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What We Read Today 29 August 2017

Econintersect: Every day our editors collect the most interesting things they find from around the internet and present a summary "reading list" which will include very brief summaries (and sometimes longer ones) of why each item has gotten our attention. Suggestions from readers for "reading list" items are gratefully reviewed, although sometimes space limits the number included.

This feature is published every day late afternoon New York time. For early morning review of headlines see "The Early Bird" published every day in the early am at GEI News (membership not required for access to "The Early Bird".).

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Topics today include:

  • Public Banks and Credit Unions

  • A Recipe for Stagnant Wages

  • Canadian Doctor Testifies Before U.S. Congress

  • Global Ocean Circulation Appears To Be Collapsing Due To A Warming Planet

  • Harvey Recharges Offshore as Crippled Houston Counts the Cost

  •  August 28, 2017 Weather and Climate Report - Warmer Means Wetter

  • Harvey Continual Update and Damage Assessment.

  • Harvey:  The Next Two Days

  • Will the "Comeuppance Caucus" get help for Harvey?

  • Why is Tropical Storm Harvey so extreme?

  • Special counsel subpoenas Manafort's former attorney and spokesman

  • Gorka: Trump ‘isolated,’ GOP leaders living ‘fantasy illusion’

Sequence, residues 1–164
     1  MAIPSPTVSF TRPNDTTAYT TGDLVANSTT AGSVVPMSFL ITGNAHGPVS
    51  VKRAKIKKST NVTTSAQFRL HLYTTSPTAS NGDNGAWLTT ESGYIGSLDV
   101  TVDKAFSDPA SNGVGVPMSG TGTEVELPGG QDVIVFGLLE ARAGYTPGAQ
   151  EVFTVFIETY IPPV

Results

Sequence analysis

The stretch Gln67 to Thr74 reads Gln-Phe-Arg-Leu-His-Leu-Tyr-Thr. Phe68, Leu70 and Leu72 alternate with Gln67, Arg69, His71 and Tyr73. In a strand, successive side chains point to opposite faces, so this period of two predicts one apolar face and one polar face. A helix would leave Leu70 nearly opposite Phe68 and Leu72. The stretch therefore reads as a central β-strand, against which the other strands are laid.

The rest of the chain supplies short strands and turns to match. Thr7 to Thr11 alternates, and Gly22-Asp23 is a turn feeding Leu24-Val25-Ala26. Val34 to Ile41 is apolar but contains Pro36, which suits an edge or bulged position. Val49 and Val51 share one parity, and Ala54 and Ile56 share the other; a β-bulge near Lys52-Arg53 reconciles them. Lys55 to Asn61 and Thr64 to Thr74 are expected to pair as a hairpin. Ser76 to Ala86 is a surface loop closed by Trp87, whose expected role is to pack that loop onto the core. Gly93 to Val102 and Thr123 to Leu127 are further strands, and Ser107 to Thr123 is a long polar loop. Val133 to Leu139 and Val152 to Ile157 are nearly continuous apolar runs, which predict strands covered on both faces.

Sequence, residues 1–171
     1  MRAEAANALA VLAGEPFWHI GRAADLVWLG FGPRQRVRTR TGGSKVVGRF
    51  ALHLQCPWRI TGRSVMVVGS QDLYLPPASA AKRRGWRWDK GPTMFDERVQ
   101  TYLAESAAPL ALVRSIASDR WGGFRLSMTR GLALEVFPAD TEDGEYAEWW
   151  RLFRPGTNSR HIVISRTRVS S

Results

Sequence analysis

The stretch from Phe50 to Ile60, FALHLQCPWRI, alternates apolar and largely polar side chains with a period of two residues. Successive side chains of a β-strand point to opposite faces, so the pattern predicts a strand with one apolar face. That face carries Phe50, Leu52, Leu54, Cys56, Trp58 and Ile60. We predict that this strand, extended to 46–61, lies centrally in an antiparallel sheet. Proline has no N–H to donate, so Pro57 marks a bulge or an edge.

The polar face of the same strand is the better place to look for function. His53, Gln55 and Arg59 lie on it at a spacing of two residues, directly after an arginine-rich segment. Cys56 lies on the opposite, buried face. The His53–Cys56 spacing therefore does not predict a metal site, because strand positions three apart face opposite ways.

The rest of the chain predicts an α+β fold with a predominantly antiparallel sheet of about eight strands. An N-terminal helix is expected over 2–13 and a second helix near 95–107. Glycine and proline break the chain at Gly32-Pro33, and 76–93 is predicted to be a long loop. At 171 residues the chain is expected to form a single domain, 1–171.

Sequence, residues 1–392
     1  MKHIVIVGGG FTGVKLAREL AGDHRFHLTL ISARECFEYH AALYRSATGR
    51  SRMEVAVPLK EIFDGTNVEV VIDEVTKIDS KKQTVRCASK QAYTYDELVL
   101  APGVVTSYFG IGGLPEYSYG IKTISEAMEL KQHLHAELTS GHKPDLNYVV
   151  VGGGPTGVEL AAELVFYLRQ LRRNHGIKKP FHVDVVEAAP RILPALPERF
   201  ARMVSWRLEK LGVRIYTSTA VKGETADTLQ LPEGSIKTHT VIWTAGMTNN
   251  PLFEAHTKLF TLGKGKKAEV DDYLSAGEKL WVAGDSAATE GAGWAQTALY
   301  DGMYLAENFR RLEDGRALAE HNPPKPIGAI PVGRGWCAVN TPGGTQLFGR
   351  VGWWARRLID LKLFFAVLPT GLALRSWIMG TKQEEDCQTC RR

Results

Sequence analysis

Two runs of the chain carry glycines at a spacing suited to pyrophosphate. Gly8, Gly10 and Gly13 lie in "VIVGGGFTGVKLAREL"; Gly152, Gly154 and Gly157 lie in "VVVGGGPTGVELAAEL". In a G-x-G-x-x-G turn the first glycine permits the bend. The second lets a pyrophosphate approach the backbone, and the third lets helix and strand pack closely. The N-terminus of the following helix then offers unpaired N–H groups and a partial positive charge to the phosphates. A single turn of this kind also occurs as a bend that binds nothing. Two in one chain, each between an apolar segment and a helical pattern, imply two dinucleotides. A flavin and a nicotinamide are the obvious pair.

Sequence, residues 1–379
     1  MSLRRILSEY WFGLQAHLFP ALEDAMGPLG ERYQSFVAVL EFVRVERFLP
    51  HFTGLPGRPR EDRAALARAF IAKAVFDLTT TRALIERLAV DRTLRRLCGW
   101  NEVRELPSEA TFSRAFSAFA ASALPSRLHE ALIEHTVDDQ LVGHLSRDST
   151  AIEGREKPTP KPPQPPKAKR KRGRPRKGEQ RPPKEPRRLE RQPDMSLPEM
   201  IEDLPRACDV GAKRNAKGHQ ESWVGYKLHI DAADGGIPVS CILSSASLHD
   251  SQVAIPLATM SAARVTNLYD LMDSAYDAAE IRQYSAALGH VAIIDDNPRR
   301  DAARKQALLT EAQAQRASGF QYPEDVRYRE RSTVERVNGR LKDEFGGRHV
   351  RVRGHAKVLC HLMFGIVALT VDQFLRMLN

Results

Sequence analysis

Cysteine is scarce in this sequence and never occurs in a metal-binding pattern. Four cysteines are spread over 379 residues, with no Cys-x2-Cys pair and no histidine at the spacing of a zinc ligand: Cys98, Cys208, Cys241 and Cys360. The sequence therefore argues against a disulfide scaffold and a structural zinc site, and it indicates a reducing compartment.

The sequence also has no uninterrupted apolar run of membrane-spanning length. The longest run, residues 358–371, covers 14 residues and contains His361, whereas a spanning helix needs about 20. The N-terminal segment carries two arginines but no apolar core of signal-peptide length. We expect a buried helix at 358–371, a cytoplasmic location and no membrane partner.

• Amazon Cuts Whole Foods Prices as Much as 43% on First Day

  • Full U.S. Tanks May Ease Risk of Fuel Shortages From Harvey

  • Sky stops broadcasting Fox News in UK

  • North Korea missiles: Trump warns 'all options' on table

  • No response from Trump on Mexico's Harvey relief offer

  • And More

Articles about events, conflicts and disease around the world

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  • Special counsel subpoenas Manafort's former attorney and spokesman (CNN)  Special Counsel Robert Mueller has issued subpoenas to a former lawyer for Paul Manafort and to Manafort's current spokesman, an aggressive tactic that suggests an effort to add pressure on the former Trump campaign chairman.  The subpoenas seeking documents and testimony were sent to Melissa Laurenza, an attorney with the Akin Gump law firm who until recently represented Manafort, and to Jason Maloni, who is Manafort's spokesman, according to people familiar with the matter.  Manafort is under investigation for possible tax and financial crimes, according to US officials briefed on the investigation. The allegations under investigation largely center on Manafort's work for the former ruling party in Ukraine, which was ousted amid street protests over its pro-Russian policies.

  • Gorka: Trump ‘isolated,’ GOP leaders living ‘fantasy illusion’ (The Hill)  Former Trump adviser Sebastian Gorka believes Speaker of the House Paul Ryan and Senate Majority Leader Mitch McConnell’s “credibility is lost and unrecoverable,” and that major changes at the White House over the summer have left the president feeling “isolated” in a wide-ranging interview with The Hill.   Gorka said Ryan (R-Wis.) and McConnell (R-Ky.) are living in a “fantasy illusion” and have failed on promises made to the American people, most notably on repealing and replacing ObamaCare. 

  • Internet giant bought upscale grocery chain for $13.7 billion

  • Some prices unchanged but favorites like avocados are cheaper